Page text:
So for the first time, I get to blog about an Azure related experience that might be worth a read. As a MSFT employee, I have a small lab in Azure that I use to test out changes to Security Monitoring. That lab happens to have an offline CA with an enterprise subordinate CA allowing me to play around with ADCS. As it happens, my enterprise CA’s certificate was due to expire and so I went to fire up my root CA and get that process started. I was a bit surprised to find out that I had left this on as I normally turn it off, but when I RDPed to it, I got nothing. Ping and any other attempt to connect got nothing… as did a reboot… nothing. I was locked out of this VM.
I initially followed the advice of a colleague and deleted the VM and attached the drive as a data disk to another server… Looking at the event logs, this running server hadn’t logged a thing since February… well that’s not. I did a check disk on the drive and attempted to re-attach and reboot… and nothing… That left me with a completely dead root CA that I could not access to save my life… I did some checking around and stumbled on this cool feature. It wasn’t the only one I found detailing the steps, but this one had the most correct information.
Step 1, turn on cloud shell.
That’s pretty straight forward, from your Azure console, simply click the shell button:
This is going to create a separate resource group if that matters with its own storage account.
Step 2, and missing from most of the guides I found, is to install the repair commands.
They aren’t installed by default, so if you find the wrong guide, you’re going to get an error saying the command doesn’t exist. Run the following line:
az extension add -n vm-repair
Step 3, create a repair VM.
This is pretty straight forward from the guide. What it will do is create a new resource group with a single virtual machine named repair-<name of dead VM>. It will copy the OS disk of the dead VM (this will be located in the dead VM’s resource group) and attach it as a data disk to your repair VM. You can RDP to this VM if you wanted to as it will have a public IP and RDP access, so if you want to do some sleuthing once you create this, you can.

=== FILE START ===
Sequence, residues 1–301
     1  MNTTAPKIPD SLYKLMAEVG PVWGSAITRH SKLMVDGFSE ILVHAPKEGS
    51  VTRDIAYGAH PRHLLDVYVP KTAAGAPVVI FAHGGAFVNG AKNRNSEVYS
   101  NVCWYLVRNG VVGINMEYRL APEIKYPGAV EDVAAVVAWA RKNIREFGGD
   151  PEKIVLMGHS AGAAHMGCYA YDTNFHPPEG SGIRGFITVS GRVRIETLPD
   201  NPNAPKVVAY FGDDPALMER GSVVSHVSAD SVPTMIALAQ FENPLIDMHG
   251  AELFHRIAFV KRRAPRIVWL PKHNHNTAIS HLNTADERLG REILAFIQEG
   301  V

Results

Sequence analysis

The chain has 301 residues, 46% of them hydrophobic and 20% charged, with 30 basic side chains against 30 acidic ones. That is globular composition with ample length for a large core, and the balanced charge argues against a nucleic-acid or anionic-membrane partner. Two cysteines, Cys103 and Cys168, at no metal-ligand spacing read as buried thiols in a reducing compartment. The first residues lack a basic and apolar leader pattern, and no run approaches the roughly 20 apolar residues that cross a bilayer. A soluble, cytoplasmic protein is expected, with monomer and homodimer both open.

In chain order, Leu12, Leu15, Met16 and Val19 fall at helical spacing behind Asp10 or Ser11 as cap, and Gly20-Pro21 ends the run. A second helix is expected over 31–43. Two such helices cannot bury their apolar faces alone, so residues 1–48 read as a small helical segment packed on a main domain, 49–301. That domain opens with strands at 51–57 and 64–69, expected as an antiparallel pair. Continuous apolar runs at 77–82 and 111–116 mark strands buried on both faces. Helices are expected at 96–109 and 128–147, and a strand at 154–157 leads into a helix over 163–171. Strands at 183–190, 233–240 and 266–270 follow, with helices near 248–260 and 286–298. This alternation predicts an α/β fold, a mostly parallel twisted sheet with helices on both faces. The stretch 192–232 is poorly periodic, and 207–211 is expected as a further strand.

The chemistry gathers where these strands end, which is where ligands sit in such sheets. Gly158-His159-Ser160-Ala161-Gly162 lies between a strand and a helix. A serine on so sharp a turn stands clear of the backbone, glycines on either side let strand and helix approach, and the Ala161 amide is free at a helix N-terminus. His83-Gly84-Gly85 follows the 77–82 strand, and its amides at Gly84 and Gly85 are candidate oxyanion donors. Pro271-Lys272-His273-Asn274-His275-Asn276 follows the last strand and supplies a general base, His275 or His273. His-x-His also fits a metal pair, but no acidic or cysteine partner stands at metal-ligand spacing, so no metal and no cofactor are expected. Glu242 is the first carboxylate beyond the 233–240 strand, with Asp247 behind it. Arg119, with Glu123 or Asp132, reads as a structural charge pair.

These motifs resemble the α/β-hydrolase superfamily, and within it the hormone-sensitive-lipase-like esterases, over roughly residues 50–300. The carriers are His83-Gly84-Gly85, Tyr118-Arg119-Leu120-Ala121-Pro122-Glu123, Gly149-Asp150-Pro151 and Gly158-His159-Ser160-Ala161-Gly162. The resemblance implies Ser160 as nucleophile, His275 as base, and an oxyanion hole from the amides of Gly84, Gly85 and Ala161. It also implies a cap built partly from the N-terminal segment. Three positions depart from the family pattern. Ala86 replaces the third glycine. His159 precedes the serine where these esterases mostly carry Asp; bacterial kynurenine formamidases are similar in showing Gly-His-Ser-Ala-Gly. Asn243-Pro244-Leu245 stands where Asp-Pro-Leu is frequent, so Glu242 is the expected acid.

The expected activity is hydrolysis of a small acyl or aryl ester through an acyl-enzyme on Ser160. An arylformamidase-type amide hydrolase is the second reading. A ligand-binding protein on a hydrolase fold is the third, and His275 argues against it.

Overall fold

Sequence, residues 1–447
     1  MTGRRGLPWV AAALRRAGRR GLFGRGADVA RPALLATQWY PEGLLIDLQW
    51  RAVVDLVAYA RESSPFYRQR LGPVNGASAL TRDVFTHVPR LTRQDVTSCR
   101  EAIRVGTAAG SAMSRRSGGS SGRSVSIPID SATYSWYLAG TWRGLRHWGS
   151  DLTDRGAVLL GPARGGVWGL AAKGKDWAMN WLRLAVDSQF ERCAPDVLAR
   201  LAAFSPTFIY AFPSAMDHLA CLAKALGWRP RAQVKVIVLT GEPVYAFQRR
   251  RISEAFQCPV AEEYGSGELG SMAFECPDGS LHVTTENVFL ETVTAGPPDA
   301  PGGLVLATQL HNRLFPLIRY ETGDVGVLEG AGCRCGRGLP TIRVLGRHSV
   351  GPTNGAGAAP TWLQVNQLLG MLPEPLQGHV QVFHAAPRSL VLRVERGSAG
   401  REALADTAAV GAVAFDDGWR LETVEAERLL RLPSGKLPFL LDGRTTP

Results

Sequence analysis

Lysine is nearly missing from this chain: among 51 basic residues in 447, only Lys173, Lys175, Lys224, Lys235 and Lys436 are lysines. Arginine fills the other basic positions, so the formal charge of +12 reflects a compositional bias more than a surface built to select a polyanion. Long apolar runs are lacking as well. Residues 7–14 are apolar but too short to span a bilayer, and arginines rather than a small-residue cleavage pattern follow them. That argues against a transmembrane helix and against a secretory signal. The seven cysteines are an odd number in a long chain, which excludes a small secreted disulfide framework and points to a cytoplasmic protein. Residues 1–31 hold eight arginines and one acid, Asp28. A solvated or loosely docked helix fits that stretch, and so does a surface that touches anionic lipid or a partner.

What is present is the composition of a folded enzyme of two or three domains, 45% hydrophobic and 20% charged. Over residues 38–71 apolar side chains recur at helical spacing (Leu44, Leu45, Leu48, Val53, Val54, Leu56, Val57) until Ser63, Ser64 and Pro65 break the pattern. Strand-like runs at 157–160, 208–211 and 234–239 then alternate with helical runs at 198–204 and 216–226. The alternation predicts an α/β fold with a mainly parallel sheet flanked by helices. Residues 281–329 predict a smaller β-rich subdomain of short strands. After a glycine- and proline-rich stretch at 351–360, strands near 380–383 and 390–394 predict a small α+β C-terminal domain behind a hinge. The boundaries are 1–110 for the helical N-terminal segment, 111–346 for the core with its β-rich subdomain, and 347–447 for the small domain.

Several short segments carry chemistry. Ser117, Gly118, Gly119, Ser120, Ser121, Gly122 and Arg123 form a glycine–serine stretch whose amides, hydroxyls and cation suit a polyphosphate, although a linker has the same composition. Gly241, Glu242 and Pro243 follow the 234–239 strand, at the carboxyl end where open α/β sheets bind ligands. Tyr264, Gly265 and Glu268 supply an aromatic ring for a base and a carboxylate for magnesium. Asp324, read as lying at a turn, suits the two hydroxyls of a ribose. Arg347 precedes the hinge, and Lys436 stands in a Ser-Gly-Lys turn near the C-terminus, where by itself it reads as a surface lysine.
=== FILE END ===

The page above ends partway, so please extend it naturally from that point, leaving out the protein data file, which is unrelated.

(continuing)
az vm repair create –g <RG of Dead VM> –n <VM Name of Dead VM> –repair-username <Local admin name of your choosing> –repair-password <local admin password of your choosing> –verbose
Step 4, start doing repairs.
The run IDs are not well documented, and I’d add that the example they gave you doesn’t really do anything…. So I’d start by doing the list-scripts run ID:
az vm repair list-scripts
This was quite useful, as showed me all of the windows and linux options available. This is what they are as of this post:
I highlighted the useful ones… in my case, I’m pretty sure the sfc script is the one I needed to run, but I also did the bcdedit script as well:
az vm repair run -g <RG of Dead VM> –n <VM Name of Dead VM> –run-on-repair –run-id win-sfc-sf-corruption –verbose
There was a bit of a surprise here in this step… SFC takes a while to run, and your cloud shell only stays connected for 20 minutes. I didn’t see a way of changing that config, so this times out while the script is running, defeating the purpose of watching it in the console. Fortunately, that does not kill the command. I did see the system file checker running in task manager on the repair VM even after the shell timed out. I did not find an easy way to adjust that time out (admittedly, I didn’t spend much time looking). My only real way of knowing that it finished was to try and run another run ID… that fails as long as the current task is running. That’s not ideal, but it works.
Repeat for any additional run-id that you want to run changing only the highlighted piece.
Step 5, restore your VM.
This also didn’t work quite right. It failed on the first restore attempt. You can manually do this by detaching the data drive to the repair VM and then swapping the OS drive on the dead VM with the new repaired disk… I was eventually able to get this working, which was nice because it cleaned up the repair resource group along with it… That’s kind of important if you care managing costs, which I’m guessing most people do. It also swaps the OS disk for you on the dead VM, so the old OS disk will be detached and you’ll be booting off of the disk copy:
az vm repair restore -g <RG of Dead VM> –n <VM Name of Dead VM> –verbose
One last thing though, it does leave the old OS drive behind… so back to that cost thing… once you get your restored VM up and running, you may want to get rid of the old disk.
Anyways, after that I had a bootable RootCA… so crisis averted.